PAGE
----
the right with two regiments of General Crocker's DIVISION, under Colonel Holmes, of the Tenth Missouri Volunteers, I advanced the entire line on the right, the enemy retiring rapidly before the advancing lines. I pushed my advance until we were in possession of the town of Raymond, the enemy being in full retreat by different roads in the direction of Jackson. I regret to report that our casualties in this battle were large, embracing in the number Captain Frank Leeper, Eighth Illinois Volunteers, who was mortally wounded in the front of his command in their gallant and successful charge. On the night of the 12th, we bivouacked in the outskirts of the town of Raymond, and early next morning moved toward Jackson, by way of Clinton, bivouacking for the night at Clinton, amidst a violent storm. Early in the morning, in a continuous and heavy rain, we moved toward Jackson, making a moist, toilsome march through mud and rain, [arriving] at 10 o'clock near the city of Jackson. The DIVISION of General Crocker, being in advance, encountered the enemy in force. We were ordered up to the support of the advance, but arrived only in time to witness the brilliant and successful charge of the Seventh DIVISION, driving the enemy in dismay from the field.
In the advance upon Jackson, we held the extreme left of the line, and after a toilsome march over a country cut up by creeks and ravines and covered with thick brush, we approached the city, and finding the enemy had retired toward Canton, again bivouacked for the night.
On the morning of the 15th, I moved by command in the advance toward Bolton, making a march of 22 miles, bivouacking for the night at that place, a coming up with the command of Brigadier-General Hovey, of Thirteenth Army Corps, encamped at that point.
On the morning of the 16th, moved in direction of Vicksburg, General Hovey's DIVISION having the advance. After a march of a few miles, I was advised of the presence of the enemy in our front in large force. At this time I could distinctly hear the firing of skirmishers in the front. I received an order from Major-General Logan to advance with my brigade, consisting at the time of the Eighth Illinois Volunteers, Thirty-SECOND Ohio Volunteers, and Eighty-first Illinois Volunteers (the Seventh Missouri being rear guard), and take position in the rear of De Golyer's battery as a reserve, which position I immediately occupied, holding my brigade massed in column of battalions.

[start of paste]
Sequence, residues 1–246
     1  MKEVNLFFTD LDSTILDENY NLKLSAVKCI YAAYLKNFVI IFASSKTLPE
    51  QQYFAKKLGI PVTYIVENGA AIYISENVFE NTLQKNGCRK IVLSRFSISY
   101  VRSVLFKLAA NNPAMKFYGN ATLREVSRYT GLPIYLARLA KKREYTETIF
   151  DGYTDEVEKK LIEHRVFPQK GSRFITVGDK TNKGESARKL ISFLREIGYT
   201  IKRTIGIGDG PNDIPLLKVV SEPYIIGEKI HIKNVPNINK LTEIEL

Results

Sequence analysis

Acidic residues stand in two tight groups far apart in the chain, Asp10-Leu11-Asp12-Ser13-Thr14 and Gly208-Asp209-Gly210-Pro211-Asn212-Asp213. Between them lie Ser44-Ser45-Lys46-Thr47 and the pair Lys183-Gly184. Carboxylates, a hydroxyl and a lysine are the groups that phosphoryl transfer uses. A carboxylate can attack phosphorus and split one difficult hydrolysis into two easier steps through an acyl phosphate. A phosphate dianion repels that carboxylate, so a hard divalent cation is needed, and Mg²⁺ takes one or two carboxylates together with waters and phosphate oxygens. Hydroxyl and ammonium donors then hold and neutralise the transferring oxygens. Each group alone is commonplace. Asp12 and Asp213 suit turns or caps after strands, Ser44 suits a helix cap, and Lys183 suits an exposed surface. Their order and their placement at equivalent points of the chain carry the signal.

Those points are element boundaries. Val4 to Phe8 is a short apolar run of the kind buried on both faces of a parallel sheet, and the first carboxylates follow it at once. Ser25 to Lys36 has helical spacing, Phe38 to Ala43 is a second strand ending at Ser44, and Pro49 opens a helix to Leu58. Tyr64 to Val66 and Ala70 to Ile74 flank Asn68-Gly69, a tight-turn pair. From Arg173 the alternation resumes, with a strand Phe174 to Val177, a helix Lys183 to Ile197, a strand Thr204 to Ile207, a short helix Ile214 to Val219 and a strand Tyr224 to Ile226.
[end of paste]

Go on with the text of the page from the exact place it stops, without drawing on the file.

On the extreme left, General Hovey's DIVISION was in line, and on the right and center the brigades of Generals SMITH and Leggett. Soon after I arrived on the field the engagement became general, our entire line advancing and attacking the enemy with great fierceness.
As the line advanced, I was ordered to move my command to the right, and deploy my column so as to let my left rest on the right, of General SMITH's brigade. I occupied this under cover of a skirt of timber, deploying a heavy line of skirmishers, covering my entire front and extending considerably beyond my right flank. My line being formed, the Eighth Illinois, Lieutenant Colonel Sturgess commanding, on my left, the Thirty-SECOND Ohio Volunteers, Colonel B. F. Potts commanding, in the center, and the Eighty-first Illinois, Colonel J. J. Dollins commanding, on the right, my skirmishers, under command of Colonel H. Lieb, NINTH Louisiana Volunteers, acting volunteer aide, were immediately advanced to the front, and the whole line rapidly pushed forward. Passing through the timber, I found myself at the base of a considerable hill, in possession of the enemy, and upon which they had a battery planted. As our line advanced, we received several discharges of grape and shell, but steadily pushed to the front.